Savita Halappanavar

4 Dec

One of the most interesting topics, in my opinion, we’ve covered in class, was the question of abortion in Ireland.  Abortion has always been a controversial topic, and it is interesting to me to consider the political stance from a country based on its societal trends.  Knowing Ireland as a historically and current Catholic country, I was not surprised to hear of the rather strict abortion laws in the country.  The case that sparked my interest was of Savita Halappanavar. Halappanavar, 31, died on October 28th, at University Hospital Galway, which led to uproar around Ireland, Britain and India, calling for changes to their outdated laws.  Her case began when she was 17 weeks pregnant, and went to the hospital suffering from miscarriage.  There, Halappanavar was refused an abortion, being told “it was the law, this is a Catholic country.”  In the days that followed, she was diagnosed with septicemia which caused multi-organ failure and ultimately, her death.

With the news of her death becoming public, it spread rapidly through traditional news and social media outlets. In response to the widespread protests to the Halappanavar case, the Irish government passed the Protection of Life During Pregnancy Act of 2013.  During July 2013, it passed both houses of legislation and was signed into law by Michael D. Higgins, Ireland’s president.  Recently in September 2013, Halappanavar’s widower, Praveen took legal proceedings against Galway University Hospital and separately against his deceased wife’s doctor.  His claim stated that the hospital breached his wife’s constitutional right to life and that the hospital made more than 20 acts of medical negligence.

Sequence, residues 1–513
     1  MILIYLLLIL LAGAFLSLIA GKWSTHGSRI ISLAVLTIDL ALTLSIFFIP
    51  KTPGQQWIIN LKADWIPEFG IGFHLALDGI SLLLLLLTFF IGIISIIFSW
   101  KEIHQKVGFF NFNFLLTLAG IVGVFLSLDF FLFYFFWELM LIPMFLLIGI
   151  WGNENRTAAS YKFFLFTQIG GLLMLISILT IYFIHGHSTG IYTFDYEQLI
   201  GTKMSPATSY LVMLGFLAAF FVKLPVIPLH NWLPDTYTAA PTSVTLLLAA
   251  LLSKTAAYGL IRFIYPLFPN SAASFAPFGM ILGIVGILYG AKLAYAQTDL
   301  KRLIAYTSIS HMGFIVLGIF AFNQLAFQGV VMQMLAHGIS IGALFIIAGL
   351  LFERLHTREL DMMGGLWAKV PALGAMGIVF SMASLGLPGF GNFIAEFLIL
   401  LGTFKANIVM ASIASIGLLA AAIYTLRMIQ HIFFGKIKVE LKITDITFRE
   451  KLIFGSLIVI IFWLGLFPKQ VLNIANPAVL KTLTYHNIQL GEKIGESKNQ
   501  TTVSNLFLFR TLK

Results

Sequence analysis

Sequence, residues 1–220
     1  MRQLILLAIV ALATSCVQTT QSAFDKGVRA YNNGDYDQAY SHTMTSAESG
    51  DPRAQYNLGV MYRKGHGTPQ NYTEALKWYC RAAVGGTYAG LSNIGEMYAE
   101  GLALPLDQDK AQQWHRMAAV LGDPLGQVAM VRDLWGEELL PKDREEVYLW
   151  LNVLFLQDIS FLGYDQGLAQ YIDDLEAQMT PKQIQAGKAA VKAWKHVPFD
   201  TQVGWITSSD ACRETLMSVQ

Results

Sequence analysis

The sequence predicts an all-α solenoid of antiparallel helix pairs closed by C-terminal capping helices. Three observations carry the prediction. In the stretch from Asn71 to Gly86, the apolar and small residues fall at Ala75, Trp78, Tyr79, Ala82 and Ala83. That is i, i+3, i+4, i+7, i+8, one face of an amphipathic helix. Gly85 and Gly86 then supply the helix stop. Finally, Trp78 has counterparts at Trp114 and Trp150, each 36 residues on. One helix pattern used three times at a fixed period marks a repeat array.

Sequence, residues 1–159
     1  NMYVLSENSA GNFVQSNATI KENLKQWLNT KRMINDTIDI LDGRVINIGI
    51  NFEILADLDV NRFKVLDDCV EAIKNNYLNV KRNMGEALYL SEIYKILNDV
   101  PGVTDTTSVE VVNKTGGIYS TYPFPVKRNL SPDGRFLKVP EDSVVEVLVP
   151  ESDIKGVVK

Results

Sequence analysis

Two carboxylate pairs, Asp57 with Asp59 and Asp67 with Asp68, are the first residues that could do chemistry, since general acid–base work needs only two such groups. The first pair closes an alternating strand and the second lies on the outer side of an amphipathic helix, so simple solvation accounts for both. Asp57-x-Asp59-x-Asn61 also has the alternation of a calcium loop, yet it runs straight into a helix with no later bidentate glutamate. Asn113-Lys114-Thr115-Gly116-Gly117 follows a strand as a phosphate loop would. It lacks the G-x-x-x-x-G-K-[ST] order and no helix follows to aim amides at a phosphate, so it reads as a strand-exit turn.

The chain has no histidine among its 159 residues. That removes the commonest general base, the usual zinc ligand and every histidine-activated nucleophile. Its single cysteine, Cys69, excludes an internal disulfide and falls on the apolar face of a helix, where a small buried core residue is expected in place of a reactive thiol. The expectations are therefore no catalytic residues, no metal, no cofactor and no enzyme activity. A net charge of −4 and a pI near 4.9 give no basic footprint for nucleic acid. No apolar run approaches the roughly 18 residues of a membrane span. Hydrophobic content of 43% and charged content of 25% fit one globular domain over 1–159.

It should be noted that Ireland has progressed in its previous stance on abortion in the recent decades.  Five referendums have been held in the last 30 years alone on the debate.  Originally, abortion was illegal in every possible situation.  However, now the state says that it is illegal unless it is necessary in order to save the life of the mother, including suicide. It is still estimated that in 2011, over 4,000 Irish women travelled abroad to Britain in order to obtain a legal abortion.

 

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